Friday, March 25, 2011

January 9, 1776: Common Sense

The January 9, 1776 edition of the Pennsylvania Evening Post featured the following advertisement:

Philadelphia, January 9, 1776
THIS day was published, and is now selling by Robert Bell, in Third-street (price two shillings) COMMON SENSE addressed to the INHABITANTS OF AMERICA, on the following interesting SUBJECTS.
I. Of the origin and design of government in general, with concise Remarks on the English Constitution.
II. Of Monarchy and Hereditary Succession.
III. Thoughts on the present state of American affairs.
IV. Of the present ability of America, with some miscellaneous reflections.
Man knows no master save creating Heaven,
Or those whom choice and common good ordain.

The author of Common Sense (long known simply by the title of this famous work) was Thomas Paine. Paine published Common Sense as a pamphlet--with no binding and no cover--to keep it affordable for as many people as possible. As Welsh philosopher Bertrand Russell wrote, "Paine's importance in history consists in the fact that he made the preaching of democracy democratic." This was true in the affordability of his works, as well as their style. Paine dedicated his profits from Common Sense and the Crisis series of essays to the Continental war effort.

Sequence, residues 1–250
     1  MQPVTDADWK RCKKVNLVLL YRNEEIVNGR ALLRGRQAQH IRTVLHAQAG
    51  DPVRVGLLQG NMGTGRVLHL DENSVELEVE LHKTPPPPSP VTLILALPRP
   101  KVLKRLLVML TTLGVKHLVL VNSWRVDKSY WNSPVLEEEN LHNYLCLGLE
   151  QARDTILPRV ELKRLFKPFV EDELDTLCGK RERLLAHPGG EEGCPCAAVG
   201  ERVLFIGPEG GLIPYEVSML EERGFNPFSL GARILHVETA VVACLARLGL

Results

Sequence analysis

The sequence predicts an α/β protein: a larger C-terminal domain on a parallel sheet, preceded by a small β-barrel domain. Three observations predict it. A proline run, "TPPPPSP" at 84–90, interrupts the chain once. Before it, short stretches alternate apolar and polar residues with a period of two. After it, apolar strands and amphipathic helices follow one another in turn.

Paine asked Robert Bell to publish the first edition of Common Sense, with Paine and Bell splitting any profits. Paine wanted to donate his share of profits to the Continental Army, but Bell denied making any profit. Bell continued to publish Common Sense without the author's approval, Paine released an expanded edition through another publisher, and still more book and newspaper publishers released the work around the world.

His sacrifices for the revolutionary effort left Paine obliged to petition Congress and state legislatures for financial support. Congress awarded Paine $3,000 while the State of New York awarded him an estate confiscated from a Tory in New Rochelle.

Please consult Caig Nelson, Thomas Paine: Enlightenment, Revolution, and the Birth of Modern Nations (New York: Viking, 2006), Page 81; Harvey J. Kaye, Thomas Paine and the Promise of America (New York: Hill and Wang, 2005), pages 66-67; and Eric Foner, Thomas Paine and the Promise of America (New York: Oxford University Press, 1976), 99, 192; Bill Henderson, "The Small Press Today and Yesterday," in Philip G. Altbach and Edith S. Hoshino, eds., International Book Publishing: An Encyclopedia (New York: Garland Pub., 1995), pages 323-324.

THOMSON: James Thomson (1700-1748) wrote the poem "Liberty" (1734-1736) in five parts. At the start of Common Sense Paine quotes from part four of "Liberty," which Thomson published in 1736. John Fuller, "James Thomson 1700-48," in George Watson, ed., The New Cambridge Bibliography of English Literature: Vol. 2: 1660-1800 (New York: Cambirdge University Press, 1971), 528.
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